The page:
Sir Philip Sidney (1554-1586) was a prominent figure of the Renaissance period, gaining fame not only from his poetry but from his position as a soldier and courtier. The poem below is taken from the sonnet sequence Astrophel and Stella, a title which derives from two Greek words: ‘aster’, meaning star, ‘phil’, meaning lover, and the Latin word ‘stella’ meaning star. Astrophel is the ‘Star-Lover’ of the poem, Stella his ‘Star’. Many choose to read this poem in an auto-biographical way, and believe Sidney himself to be the character of Astrophel, pining for Penelope Deveraux (or Stella), later Penelope Rich, whom he loved. Love stories aside, this poem also deals with the act of writing itself, and the struggle for inspiration. As we see in this verse, Sidney’s ‘Muse’ volunteers the advice from which the poem is able to begin: ‘look in thy heart and write’.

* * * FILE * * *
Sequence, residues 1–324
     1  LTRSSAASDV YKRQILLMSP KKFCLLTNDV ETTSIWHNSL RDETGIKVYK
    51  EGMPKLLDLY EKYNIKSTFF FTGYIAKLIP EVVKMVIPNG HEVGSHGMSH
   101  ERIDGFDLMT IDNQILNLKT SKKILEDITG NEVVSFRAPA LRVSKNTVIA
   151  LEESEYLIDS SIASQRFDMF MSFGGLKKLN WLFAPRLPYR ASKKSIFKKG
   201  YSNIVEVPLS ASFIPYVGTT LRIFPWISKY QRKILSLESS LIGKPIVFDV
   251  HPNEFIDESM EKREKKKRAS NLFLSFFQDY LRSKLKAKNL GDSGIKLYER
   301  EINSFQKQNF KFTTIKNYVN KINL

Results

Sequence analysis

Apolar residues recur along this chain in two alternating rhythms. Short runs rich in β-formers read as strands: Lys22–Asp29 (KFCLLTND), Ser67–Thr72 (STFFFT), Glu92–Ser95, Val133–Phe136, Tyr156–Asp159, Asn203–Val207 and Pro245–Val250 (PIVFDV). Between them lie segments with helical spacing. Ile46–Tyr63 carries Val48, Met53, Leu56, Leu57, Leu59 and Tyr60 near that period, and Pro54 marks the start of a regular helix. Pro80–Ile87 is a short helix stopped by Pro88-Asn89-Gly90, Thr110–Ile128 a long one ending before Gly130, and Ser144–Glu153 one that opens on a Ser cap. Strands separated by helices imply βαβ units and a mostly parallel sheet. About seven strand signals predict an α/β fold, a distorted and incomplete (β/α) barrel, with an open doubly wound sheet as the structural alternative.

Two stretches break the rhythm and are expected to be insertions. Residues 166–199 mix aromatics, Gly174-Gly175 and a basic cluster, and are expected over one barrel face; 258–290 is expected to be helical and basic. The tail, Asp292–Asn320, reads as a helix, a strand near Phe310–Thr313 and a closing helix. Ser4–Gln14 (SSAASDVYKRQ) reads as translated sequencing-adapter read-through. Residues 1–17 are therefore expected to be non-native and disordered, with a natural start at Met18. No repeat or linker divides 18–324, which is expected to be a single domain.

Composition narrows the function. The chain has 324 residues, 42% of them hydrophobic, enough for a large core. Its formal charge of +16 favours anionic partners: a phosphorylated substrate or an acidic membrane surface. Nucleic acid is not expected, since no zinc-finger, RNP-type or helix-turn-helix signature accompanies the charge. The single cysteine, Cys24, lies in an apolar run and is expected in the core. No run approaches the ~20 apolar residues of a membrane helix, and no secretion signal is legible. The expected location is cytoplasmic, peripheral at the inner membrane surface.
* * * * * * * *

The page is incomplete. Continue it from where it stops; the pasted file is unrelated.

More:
Taken from: Astrophel and Stella
Loving in truth, and fain in verse my love to show,
That the dear She might take some pleasure of my pain:
Pleasure might cause her read, reading might make her know,
Knowledge might pity win, and pity grace obtain,
I sought fit words to paint the blackest face of woe,
Studying inventions fine, her wits to entertain:
Oft turning others’ leaves to see if thence would flow
Some fresh and fruitful showers upon my sun-burned brain.
But words came halting forth, wanting Invention’s stay,
Invention, Nature’s child, fled step-dame Study’s blows,
And others’ feet still seemed but strangers in my way.
Thus great with child to speak, and helpless in my throes,
Biting my truant pen, beating myself for spite,
‘Fool’ said my Muse to me, ‘look in thy heart and write.’
Posted by Claire Speer